I am wildly excited about summer school right now.
Background info: Summer school at Lee has turned out to be only fifteen teaching days, and I will teach only eleven of them. Today was my seventh. I am teaching ninety minute blocks twice a day primarily to groups of students who scored below proficient on their eighth grade benchmark assessment. Like most students whom I have taught, they struggle with basics of mathematics like adding and subtracting integers, multiplication facts, long division, operations with fractions and decimals, and reading for comprehension.
On Monday, I nearly lost my stuffing. My lessons had gone poorly, though I’d been on top of behavior, and I was still remediating the objective (order of operations – not even in the ninth grade curriculum) that I had scheduled for the first day of class and my attempt to give them a hands on activity to introduce variables had totally backfired. I’d been gone for four days, my students hadn’t completed the practice that I had left, and they were acting out, tired of doing the same type of problems over and over again. I was feeling frustrated, ineffective, and angry with myself. I felt exactly like someone who was being paid very, very well to knock down a well-built brick wall by hurling herself against it. I felt like an oppressor befuddled by passive resistance (Lee County’s students are students of Gandhi, not of mathematics).
On Tuesday, I kicked my rear into gear and taught a lesson on solving equations, which I love to teach. I tied it so thoroughly to the foundation we’d laid in order of operations that my kids couldn’t help learning a pinch or two of new material.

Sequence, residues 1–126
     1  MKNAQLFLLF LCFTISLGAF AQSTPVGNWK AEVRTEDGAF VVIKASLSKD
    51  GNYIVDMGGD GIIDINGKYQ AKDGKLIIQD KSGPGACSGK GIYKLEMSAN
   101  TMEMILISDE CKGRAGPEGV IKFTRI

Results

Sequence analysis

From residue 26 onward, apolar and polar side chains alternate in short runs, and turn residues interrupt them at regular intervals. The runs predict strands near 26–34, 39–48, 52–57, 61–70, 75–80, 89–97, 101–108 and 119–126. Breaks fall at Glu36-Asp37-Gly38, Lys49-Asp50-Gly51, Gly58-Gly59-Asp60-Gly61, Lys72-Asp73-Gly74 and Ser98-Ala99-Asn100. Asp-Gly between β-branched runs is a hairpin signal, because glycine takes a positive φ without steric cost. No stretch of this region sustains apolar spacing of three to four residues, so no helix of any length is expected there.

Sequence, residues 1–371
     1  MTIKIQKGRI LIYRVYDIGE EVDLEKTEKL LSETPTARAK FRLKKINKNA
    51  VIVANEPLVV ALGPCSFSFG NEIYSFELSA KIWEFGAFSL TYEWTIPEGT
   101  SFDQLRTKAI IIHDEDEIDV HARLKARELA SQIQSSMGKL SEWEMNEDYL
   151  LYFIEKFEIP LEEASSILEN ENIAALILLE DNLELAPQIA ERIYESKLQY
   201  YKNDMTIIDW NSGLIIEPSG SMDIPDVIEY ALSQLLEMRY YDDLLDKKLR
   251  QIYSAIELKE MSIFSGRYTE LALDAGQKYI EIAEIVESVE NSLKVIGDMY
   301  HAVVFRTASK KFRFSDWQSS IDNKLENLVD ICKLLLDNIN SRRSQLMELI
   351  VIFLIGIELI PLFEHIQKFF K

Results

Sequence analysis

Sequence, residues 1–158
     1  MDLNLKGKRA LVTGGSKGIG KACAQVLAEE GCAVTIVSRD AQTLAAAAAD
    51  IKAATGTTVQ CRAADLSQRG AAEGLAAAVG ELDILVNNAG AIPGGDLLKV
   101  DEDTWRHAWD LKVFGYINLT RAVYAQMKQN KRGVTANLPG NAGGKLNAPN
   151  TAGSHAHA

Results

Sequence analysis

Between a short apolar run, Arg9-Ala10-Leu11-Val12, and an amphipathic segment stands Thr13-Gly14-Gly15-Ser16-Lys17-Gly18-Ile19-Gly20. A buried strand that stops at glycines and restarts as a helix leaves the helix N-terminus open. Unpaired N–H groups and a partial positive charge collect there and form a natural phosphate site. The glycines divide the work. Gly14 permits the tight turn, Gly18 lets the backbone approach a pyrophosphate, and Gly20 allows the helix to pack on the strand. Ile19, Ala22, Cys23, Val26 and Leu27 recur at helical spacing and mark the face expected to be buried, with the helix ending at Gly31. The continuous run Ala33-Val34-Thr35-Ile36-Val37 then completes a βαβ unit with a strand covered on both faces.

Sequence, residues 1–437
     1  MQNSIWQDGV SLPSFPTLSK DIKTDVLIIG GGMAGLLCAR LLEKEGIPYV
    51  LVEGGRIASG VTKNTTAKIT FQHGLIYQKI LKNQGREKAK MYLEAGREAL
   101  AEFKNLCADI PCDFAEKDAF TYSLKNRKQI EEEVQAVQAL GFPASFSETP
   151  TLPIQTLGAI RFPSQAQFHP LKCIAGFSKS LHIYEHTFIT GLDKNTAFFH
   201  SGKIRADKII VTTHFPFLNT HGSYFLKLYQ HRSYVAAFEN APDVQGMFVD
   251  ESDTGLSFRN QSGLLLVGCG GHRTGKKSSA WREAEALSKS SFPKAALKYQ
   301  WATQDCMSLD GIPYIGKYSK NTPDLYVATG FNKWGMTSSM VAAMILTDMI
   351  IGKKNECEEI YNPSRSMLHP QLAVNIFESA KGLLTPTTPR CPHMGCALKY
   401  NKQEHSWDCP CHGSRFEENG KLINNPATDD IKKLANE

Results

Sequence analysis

I had a student follow a set of written directions to walk a path through the classroom, then had the class direct the student back to her starting position. The class intuitively did this by reversing the directions she had followed, starting with the most recent step. I recorded their instructions and had them make observations on the activity (we undid the last thing first – all the directions are backwards!). Next, I had the volunteer rewalk the original path, then scrambled the directions that her class had used to help her navigate back to start. She wound up in a totally new location. We solved some two-step equations for practice.
Yesterday, we practiced order of operations and solving equations for a while, then I had them writing expressions based on stories, which carried us through the day.
“Looks pretty good, but don’t forget to define your variables, D”
“Okay. R = Rufus”
“What about him? His height? His bank balance? How many hairs he has on his tail?”
Today was the bomb, though. I taught a mediocre lesson on function notation, but it had them solving three-step equations with a story. My first period wasn’t so into it, but the second group killed it. They killed it!
“Raise your hand if you can tell me the story of this problem and solution… Okay, A”
“Selena worked ten hours and after splitting the money with her mom, she had $51”
“Awesome, girl. Isn’t it amazing that I can tell you all of that just by writing i(10)=51?”
“What do we need to do first?”
“Figure out what happens to x”
“It gets divided by three, you subtract two, then multiply by negative six”
“Good work with order of operations. Now what?”
“Reverse the steps: divide by negative six, add two, multiply by three.”
“Go kill it. Remember to keep the see-saw balanced”
Crowning moments of the day:
- I had only one student in my second group who didn’t choose to stay after class to finish the challenge problems.
- I overheard two kids arguing about who had done better in my class today. One of them was a consistent underachiever who’d really caught on today.
Days like this make me love my job. Days like Monday make me want to flip burgers. Teaching is awesome, but by golly it’s no cakewalk.
Here’s a snap of Mr. P in action.